There is a cure. Essay on Censorship

Essay by Jeff BennettCollege, UndergraduateA+, April 1997

download word file, 4 pages 3.5

Downloaded 91 times

There is an epidemic in our country, and it is growing stronger daily. Someone is not

being allowed to live her/ his life to the fullest degree because of this disease. Its traits can be

found in every city, town, and state across the country. No, this epidemic is not AIDS or cancer:

however, if left alone, its long term effects can be just as detrimental. The name of the epidemic is

censorship, and last year, the number of censorship cases in the school systems across America

reached a new high because certain interest groups feel they know what is best for students to

think. The censorship of academic materials must be banned because no group has the right to

impose its ideas of politics, morality, or religion to a group of students who have the right to

inform themselves on all subjects and to exercise their own sense of reason.

'The injustices of censorship were in full force at least as early as 1644, the year English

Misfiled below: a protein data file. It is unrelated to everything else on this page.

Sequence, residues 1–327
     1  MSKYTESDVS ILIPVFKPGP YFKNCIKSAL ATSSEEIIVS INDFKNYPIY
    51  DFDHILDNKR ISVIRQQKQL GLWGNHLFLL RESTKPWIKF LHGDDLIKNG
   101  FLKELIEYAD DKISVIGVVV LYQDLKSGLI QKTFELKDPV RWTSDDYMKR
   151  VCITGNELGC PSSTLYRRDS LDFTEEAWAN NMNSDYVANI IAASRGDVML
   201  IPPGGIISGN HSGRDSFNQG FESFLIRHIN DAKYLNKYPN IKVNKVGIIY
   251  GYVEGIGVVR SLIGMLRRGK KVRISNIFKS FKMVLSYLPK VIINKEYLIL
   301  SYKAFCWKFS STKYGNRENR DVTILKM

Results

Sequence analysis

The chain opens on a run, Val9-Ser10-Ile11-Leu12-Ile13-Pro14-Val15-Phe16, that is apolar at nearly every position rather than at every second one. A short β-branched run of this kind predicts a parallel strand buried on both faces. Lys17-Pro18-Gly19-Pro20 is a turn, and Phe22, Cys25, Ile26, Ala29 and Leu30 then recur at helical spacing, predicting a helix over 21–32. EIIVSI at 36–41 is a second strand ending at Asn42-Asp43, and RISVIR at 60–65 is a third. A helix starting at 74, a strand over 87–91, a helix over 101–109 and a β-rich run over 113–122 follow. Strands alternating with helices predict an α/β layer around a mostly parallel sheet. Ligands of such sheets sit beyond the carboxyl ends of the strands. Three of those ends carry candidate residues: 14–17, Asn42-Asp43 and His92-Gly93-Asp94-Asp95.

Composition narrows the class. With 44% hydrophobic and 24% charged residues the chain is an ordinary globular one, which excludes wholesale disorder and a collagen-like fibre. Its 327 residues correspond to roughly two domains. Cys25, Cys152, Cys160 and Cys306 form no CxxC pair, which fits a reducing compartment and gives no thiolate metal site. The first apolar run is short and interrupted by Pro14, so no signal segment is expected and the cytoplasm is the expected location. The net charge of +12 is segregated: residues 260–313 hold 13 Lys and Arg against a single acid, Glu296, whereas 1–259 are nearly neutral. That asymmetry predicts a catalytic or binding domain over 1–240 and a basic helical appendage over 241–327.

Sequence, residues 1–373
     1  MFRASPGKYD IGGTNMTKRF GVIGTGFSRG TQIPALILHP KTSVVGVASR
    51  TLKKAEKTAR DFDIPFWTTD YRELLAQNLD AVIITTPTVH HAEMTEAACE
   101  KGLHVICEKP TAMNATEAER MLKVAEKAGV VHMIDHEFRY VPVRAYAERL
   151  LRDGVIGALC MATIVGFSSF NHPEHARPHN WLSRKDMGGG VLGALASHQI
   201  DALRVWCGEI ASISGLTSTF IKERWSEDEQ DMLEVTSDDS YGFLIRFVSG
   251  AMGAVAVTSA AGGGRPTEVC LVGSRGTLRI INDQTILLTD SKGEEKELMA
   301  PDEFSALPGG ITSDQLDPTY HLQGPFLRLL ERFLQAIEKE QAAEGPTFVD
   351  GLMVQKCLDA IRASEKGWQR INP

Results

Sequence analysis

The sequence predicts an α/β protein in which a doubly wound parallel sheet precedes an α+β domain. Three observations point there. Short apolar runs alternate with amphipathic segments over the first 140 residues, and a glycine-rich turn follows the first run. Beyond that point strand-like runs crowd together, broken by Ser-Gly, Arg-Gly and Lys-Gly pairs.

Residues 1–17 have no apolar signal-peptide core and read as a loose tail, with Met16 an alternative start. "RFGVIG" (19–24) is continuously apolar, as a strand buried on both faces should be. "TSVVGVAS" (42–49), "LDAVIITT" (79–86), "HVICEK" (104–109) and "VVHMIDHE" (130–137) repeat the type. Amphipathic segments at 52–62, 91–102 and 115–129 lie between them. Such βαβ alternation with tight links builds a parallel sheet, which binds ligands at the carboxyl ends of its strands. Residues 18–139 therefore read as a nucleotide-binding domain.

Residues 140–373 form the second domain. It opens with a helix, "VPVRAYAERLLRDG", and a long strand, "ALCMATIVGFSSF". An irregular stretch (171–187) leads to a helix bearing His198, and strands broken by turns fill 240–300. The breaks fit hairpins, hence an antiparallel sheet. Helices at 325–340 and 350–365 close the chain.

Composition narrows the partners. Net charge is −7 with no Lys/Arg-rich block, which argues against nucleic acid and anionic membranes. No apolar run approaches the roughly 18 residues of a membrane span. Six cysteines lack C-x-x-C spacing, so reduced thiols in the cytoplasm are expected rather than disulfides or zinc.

writer John Milton wrote his famous Areopagitica to defend freedom of the press' (Tax 154).

Last year alone, there were more instances of school censorship than any year since 1982 (Clark

171). The most challenged books deal with the following subjects: sex, feminism, teen

rebelliousness, AIDS, homosexuality, the negative African-American experience, and non-Christian viewpoints. The overwhelming majority of book objections come from parents in the

community who have no authority on what should be censored and what should not be censored

(Clark 54). Deanna Duby, director of educational policy for the American Way, expects

censorship to be on the rise in the future. (Solin 98).

The fundamental purpose of schools is to allow everyone to have the opportunity to learn,

Thus, whenever a school system denies a student materials because of censorship,